It happens every year around this time: a hyper-focus on the rookies that the Cowboys have just added, either through the draft or undrafted free agency. That’s a good thing because it’s important to get to know these new players as much as possible. But sometimes it’s easy to get so caught up in the new players that we forget about the ones currently on the roster.
Sure, the hope is that every draft pick ends up being good enough to make the final 53-man roster, because that reflects well on the front office who picked them. But the narrative prior to the draft was that Dallas had done a lot to fill out their roster already and didn’t have any glaring needs in the draft, allowing them to take the best player available regardless of position (see: Connor McGovern). With that in mind, here are six Cowboys that shouldn’t be forgotten about just yet.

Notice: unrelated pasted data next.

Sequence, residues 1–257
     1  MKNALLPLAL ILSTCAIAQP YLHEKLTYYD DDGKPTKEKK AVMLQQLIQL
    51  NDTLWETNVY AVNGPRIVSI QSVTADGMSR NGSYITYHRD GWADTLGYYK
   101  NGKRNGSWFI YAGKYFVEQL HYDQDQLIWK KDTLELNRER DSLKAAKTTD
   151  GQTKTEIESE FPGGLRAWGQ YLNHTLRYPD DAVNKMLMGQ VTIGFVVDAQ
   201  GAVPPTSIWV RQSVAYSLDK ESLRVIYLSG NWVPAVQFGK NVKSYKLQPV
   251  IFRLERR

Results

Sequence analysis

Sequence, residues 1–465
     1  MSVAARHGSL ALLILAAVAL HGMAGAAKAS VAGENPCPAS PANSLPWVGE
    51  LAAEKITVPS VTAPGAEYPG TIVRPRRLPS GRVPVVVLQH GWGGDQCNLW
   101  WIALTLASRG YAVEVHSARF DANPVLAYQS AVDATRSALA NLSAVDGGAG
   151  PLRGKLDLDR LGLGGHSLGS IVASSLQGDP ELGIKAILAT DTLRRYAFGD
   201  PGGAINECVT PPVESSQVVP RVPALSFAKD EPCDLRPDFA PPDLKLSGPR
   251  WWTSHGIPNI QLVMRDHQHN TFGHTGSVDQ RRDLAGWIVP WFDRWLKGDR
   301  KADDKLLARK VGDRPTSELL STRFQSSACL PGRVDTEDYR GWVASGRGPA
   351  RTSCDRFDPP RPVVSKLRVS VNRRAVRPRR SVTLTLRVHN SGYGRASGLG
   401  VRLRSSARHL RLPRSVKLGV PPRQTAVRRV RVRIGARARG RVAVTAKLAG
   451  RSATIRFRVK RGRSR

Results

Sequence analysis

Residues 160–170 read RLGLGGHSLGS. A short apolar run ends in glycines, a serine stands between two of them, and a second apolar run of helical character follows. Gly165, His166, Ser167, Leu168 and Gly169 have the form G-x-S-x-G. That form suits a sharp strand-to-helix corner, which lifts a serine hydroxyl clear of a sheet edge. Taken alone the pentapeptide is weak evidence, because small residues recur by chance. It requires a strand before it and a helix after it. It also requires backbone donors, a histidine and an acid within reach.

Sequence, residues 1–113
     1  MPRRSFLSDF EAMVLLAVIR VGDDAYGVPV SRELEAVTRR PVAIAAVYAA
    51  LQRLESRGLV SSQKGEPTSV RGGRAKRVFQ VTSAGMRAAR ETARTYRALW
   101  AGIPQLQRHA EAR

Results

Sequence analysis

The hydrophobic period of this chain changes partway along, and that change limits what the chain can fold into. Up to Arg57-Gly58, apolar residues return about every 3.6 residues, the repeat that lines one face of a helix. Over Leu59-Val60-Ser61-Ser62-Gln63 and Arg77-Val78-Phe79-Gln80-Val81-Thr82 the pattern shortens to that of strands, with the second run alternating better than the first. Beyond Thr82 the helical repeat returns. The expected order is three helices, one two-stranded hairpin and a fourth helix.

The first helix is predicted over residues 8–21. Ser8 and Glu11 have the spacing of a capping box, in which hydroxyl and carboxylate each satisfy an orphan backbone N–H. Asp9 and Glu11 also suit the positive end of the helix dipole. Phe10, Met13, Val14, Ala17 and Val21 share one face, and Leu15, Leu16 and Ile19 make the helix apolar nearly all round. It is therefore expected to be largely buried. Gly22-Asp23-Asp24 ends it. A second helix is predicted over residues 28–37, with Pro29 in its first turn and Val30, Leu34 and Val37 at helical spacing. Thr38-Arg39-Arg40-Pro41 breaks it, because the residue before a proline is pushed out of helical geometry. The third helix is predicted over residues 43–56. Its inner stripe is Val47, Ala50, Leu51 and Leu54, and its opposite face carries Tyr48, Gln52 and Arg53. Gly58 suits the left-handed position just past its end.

DT Daniel Ross
The Cowboys signed Ross off of the Chiefs’ practice squad near the end of the 2017 season. He saw limited action, but showed some promise that carried over into 2018, as he became a solid contributor in the defensive line rotation. He hasn’t seen a ton of snaps, but Ross has managed 19 tackles, two sacks, a forced fumble, and a fumble recovery in his short career thus far. And there’s this video of him from voluntary workouts this year that’ll have you surrendering your lunch money:
The Cowboys added Christian Covington earlier in free agency, who figures to rotate with Antwaun Woods at the 1-technique spot. Then they drafted UCF’s Trysten Hill 58th overall and signed UDFA Daniel Wise of Kansas, both of whom are athletic 3-techs who were misused in college. The DT room seems crowded now, but Ross was very valuable in his minimal role last year. Don’t be surprised if he beats out a guy like Covington or pushes Wise to the practice squad.